Dáil debates

Tuesday, 14 May 2019

An Bille um an gCúigiú Leasú is Tríocha ar an mBunreacht (An Ceart chun Teaghaise) 2016: An Dara Céim [Comhaltaí Príobháideacha] - Thirty-fifth Amendment of the Constitution (Right to a Home) Bill 2016: Second Stage [Private Members]

 

9:50 pm

Photo of Eoin Ó BroinEoin Ó Broin (Dublin Mid West, Sinn Fein)

I will respond to some of the points made by the two Ministers of State and Deputy Casey. The Minister of State, Deputy Stanton, said this issue had not undergone sufficient scrutiny. Everyone else has referred to the very detailed work of the Constitutional Convention, which was very substantive. There was also detailed consideration of this proposal at the Committee on Housing and Homelessness, including presentations from experts, legal advisors and legal professionals. We also have examined this matter in great detail at the Joint Committee on Housing, Planning and Local Government and reports have been authored by Mercy Law Resource Centre, the Ombudsman for Children and a range of other figures. Many Members have spent their time wisely and have considered this matter in great detail. If members of Fianna Fáil and Fine Gael have not used that time in the same way, I am sorry. They were given the opportunity of listening to the real and clear benefits that such a right would have.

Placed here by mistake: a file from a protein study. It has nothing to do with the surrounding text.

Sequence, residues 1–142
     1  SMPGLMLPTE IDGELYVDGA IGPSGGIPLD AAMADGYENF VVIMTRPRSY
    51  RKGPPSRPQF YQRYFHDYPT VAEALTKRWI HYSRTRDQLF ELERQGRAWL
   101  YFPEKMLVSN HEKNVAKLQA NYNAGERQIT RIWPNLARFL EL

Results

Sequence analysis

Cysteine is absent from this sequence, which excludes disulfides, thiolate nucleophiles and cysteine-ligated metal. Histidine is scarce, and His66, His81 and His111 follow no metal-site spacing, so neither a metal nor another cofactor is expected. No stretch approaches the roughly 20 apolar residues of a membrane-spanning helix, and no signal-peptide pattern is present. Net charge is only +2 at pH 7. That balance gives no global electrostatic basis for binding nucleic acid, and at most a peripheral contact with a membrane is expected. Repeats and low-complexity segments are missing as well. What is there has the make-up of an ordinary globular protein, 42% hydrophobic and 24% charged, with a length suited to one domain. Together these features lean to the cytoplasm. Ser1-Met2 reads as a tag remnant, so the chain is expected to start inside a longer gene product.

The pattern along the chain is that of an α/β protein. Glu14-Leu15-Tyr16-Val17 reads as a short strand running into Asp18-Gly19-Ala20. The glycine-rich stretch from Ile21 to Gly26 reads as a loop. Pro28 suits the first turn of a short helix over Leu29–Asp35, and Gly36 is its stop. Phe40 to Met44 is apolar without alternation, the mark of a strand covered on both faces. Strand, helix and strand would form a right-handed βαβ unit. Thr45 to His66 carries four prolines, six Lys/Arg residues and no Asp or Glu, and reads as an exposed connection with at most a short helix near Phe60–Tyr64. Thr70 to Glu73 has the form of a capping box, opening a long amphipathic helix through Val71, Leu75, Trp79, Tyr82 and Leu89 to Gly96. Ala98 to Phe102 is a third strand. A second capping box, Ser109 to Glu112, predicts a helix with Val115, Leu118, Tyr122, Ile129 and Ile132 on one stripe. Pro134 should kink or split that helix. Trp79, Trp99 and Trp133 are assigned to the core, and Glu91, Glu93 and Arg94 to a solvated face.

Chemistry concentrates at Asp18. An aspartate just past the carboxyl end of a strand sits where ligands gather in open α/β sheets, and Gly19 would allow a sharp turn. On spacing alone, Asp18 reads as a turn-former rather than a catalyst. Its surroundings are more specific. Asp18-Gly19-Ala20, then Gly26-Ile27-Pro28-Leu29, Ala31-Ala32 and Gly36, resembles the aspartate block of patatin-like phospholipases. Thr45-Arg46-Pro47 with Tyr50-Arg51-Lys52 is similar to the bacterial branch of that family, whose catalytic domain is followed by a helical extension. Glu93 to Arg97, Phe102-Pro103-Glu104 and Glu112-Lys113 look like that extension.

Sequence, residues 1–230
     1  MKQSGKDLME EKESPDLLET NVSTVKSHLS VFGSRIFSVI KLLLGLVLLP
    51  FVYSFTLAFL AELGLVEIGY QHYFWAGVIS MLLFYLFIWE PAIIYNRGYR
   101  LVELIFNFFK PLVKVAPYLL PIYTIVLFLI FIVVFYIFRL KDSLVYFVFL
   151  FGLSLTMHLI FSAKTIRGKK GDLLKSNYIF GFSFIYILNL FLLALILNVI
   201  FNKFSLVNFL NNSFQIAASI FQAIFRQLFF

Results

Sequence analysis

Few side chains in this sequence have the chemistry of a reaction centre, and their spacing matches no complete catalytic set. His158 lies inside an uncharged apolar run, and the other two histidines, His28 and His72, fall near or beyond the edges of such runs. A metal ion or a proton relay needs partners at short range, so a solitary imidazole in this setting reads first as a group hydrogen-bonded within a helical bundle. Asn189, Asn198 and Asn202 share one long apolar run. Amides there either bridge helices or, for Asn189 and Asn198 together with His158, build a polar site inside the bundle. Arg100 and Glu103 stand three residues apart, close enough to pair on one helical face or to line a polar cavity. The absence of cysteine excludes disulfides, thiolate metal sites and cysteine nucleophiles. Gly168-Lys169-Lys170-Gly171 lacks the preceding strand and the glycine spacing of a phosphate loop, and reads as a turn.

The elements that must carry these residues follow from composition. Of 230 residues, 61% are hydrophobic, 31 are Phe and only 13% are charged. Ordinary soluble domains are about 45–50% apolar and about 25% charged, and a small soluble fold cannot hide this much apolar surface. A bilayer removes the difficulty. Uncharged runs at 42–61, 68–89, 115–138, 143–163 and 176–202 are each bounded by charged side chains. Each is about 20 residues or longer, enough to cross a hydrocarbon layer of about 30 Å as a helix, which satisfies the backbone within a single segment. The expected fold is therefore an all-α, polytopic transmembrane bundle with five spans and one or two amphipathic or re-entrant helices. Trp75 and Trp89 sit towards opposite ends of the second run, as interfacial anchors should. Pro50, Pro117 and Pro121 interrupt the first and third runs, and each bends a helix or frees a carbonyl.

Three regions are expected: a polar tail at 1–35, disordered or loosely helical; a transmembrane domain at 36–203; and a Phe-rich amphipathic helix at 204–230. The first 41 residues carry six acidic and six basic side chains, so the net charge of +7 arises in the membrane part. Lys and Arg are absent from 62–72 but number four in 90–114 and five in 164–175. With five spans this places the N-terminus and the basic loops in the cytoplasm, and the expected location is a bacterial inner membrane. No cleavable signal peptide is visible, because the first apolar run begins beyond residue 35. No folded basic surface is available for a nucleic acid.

The Minister of State, Deputy English, listed what he believed to be a set of rights. I would hazard to guess that if he submitted those arguments in an undergraduate law essay, he would fail. Rights are not something to be applied for which one might get by meeting certain criteria. That is the opposite of rights. It is why legislation has the word "may" rather than "shall" when outlining what a local authority may or may not do. They are not legal rights. To answer his question very directly, all of the legal opinion we have heard at the Joint Committee on Housing, Planning and Local Government has shown the value of a legal and constitutional right to housing is the fact that it provides a basic floor of protection, so that every single thing a Government does - legislation, policies and budgets - must have due regard to how it will vindicate that right. It does not provide everyone with a set of keys to a home nor is it a silver bullet that will resolve all problems. However, it provides an additional check and forces Governments to consider these issues, in exactly the same way it has to do with all of the other enumerated rights in the Constitutions. To Deputy Casey I say, of course, it is not a stand-alone proposal. He is correct that referendums cost money, but the idea that his party would oppose a legal right to housing because it might mean an additional 75 homes in his constituency is almost comical.

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